18 Tips on How to Get Kids to Stop Reading
Are you a parent, teacher, uncle, or just someone who likes to give your opinion on what the kids around you might be reading? Do you generally think what the kids around you are reading is trash? Drivel? Nonsense? That it can’t possibly cultivate their little, budding minds. Do you want to once and for all end their walk down this over-grown weedy path of badly written, inferior fiction but just don’t know how to? We’re here to help.
1. Tell the kids that what they’re reading is silly, and that they should be reading Better Books. This is especially effective if you don’t bother to define what “better” is, or if you refuse to accept that “better” is just your opinion.
2. If they don’t stop after that, continue to mock their reading choices. Are the kids still managing to get some fun and joy out of it? Are they still happy discussing things with their friends? Nope, that won’t do! You’ve got to nip that in the bud by deriding theirs’ and their friends’ reading choices.
3. Pit them against each other. Tell one kid how much better the other’s reading skills and choices are. Ask them “Why can’t you be like so and so?” That’s bound to do wonders for their self-esteem and friendships. Even better if the one you’re comparing them to is their sibling!
4. Critique them for how many books they read. Are they only managing to get through one every few months? Tell them they should be reading faster and reading more! Ask them why they can’t read faster. That will really do it.
5. Tell them that books with pictures aren’t worth their times. If they’re reading, they should only be reading full chapter books with nary an illustration in them. They’re not Real Readers otherwise.
6. If they only read fiction, demand why they don’t read any non-fiction. Belittle their choices. Point out how many great real life stories there are.
7. If they only read non-fiction, demand why they don’t read any fiction. Belittle their choices. Point out how many well-written works of literature there are.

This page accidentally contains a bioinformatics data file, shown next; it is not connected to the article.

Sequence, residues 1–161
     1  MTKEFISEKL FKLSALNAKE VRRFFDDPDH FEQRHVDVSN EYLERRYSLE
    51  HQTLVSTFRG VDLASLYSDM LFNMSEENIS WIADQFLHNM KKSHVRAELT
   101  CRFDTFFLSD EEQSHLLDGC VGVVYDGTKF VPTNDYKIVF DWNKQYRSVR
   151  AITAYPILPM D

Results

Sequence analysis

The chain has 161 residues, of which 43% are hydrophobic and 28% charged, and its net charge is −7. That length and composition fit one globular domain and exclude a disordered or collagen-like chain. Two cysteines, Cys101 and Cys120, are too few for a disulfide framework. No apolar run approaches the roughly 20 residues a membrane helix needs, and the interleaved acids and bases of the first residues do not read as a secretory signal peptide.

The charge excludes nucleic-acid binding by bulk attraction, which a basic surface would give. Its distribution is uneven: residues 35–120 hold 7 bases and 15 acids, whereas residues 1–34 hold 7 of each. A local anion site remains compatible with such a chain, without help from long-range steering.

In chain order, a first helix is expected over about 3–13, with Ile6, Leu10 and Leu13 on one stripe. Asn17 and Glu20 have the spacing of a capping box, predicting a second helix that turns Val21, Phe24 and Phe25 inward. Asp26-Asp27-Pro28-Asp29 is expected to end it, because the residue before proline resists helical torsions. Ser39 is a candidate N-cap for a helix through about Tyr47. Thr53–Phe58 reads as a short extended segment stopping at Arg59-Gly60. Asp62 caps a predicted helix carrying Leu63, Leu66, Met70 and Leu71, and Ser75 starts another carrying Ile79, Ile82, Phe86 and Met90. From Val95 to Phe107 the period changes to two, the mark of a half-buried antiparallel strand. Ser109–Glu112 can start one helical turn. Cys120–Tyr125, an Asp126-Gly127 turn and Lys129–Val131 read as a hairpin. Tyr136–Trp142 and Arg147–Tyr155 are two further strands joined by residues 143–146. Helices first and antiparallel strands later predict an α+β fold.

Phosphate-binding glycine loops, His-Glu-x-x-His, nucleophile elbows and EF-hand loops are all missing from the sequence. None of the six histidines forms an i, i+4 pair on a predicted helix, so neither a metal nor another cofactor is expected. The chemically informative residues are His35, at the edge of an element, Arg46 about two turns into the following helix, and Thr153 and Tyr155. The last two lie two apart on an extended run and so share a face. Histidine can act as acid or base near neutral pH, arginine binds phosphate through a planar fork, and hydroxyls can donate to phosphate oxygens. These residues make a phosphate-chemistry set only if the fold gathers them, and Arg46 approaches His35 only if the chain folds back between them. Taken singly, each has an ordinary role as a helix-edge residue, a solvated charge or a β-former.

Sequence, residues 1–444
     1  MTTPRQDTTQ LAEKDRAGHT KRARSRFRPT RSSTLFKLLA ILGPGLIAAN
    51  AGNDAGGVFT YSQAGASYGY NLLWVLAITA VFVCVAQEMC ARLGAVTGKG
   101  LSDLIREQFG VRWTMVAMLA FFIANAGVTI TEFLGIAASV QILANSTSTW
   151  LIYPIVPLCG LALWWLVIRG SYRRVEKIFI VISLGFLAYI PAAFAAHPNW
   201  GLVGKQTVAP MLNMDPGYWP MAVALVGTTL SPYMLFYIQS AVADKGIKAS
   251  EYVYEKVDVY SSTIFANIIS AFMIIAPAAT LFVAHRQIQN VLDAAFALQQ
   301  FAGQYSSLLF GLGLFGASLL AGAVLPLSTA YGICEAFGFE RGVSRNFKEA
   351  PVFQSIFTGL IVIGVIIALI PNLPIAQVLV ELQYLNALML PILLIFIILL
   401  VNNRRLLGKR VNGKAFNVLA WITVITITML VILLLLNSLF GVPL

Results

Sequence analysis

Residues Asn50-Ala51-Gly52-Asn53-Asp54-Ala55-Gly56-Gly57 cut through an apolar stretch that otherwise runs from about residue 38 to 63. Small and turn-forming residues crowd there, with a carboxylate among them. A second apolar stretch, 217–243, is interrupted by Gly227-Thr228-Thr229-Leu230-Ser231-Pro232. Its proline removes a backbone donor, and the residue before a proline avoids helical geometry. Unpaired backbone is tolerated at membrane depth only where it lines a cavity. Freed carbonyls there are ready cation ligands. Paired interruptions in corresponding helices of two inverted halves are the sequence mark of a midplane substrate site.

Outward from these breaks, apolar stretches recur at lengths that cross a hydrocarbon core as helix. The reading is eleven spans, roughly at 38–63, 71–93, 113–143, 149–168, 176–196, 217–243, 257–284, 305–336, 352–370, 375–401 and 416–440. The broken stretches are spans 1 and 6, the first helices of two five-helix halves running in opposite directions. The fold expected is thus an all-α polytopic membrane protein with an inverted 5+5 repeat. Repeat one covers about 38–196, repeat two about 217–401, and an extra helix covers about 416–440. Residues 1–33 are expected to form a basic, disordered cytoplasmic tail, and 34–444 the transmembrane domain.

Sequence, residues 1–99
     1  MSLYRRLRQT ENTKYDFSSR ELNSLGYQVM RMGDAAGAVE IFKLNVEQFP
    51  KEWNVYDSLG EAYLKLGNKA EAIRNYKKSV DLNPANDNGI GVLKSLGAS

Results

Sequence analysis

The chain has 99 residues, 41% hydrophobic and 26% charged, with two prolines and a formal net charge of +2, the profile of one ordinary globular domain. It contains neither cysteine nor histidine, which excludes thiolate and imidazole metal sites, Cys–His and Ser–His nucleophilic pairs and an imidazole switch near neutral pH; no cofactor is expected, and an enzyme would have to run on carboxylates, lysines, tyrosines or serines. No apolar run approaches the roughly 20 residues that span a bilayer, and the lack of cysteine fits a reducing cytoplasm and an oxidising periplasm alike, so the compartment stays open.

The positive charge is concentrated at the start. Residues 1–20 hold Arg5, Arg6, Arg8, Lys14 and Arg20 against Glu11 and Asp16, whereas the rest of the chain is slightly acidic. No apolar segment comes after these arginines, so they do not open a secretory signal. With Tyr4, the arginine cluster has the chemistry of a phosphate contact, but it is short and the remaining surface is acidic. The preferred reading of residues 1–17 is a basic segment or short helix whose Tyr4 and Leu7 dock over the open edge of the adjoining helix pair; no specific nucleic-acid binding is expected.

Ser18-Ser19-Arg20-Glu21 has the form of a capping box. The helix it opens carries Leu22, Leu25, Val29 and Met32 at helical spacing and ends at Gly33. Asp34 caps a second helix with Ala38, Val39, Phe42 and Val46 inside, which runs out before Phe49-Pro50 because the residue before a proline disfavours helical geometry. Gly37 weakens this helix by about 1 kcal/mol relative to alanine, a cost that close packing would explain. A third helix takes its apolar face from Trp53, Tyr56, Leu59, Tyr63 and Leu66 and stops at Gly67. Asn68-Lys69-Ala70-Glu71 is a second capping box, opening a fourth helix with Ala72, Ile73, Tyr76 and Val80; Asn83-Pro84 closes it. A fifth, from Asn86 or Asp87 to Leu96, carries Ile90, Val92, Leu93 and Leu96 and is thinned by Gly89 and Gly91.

8. And while you’re at it, tell them that magazines and online articles don’t count as Real Reading. Real Readers do it on paper. And they do it for extended periods of time. In the exact manner that you approve of.
9. Do they like to post about their reading ventures on social media? Ask them why they feel the need to do that. Constantly. Isn’t it enough they’ve just read the book? Tell all your family members and your friends and laugh about the kid’s silly habit.
10. Is the kid asking you to read with them? Despite the fact that you think they’re far too old to be read to? It doesn’t matter if they secretly just want to spend more time with you, or need help with reading comprehension. Brush them off, ignore them, tell them they need to grow up.
11. Don’t think about how you might have been as a kid yourself, needing guidance, struggling with reading, or just wanting some support and encouragement. Definitely don’t try and put yourself in the kid’s shoes.
12. Don’t take the kids to the bookstore.
13. If you do take the kids to the bookstore, tell them you will only buy Real Books. None of that nonsense with pictures, comic strips, or any other gimmick.
14. Don’t take the kids to the library.
15. If you do take the kids to the library, judge everything they pick up. Ask them if they really want to borrow that.
16. Are the kids watching too much television? Playing too many video games? Tell them that they could be spending their time better by reading. Tell them this constantly so that they grow to resent you and reading. Two birds with one stone!
17. Telling the kids they should be reading is the best way to kill it before the reading bug starts. Kids really like to be told how they’re not doing the right thing.
18. Telling is also great, because all you have to do is shift the responsibility on them. As opposed to engaging the kids in books by talking about something great you’ve read, an amazing story you’ve never been able to forget, inspiring writing by real-life heroes they love. You want none of that. Just talk at them about how they should be reading. Just open and close that mouth, and sounds come out. Simple, yet effective.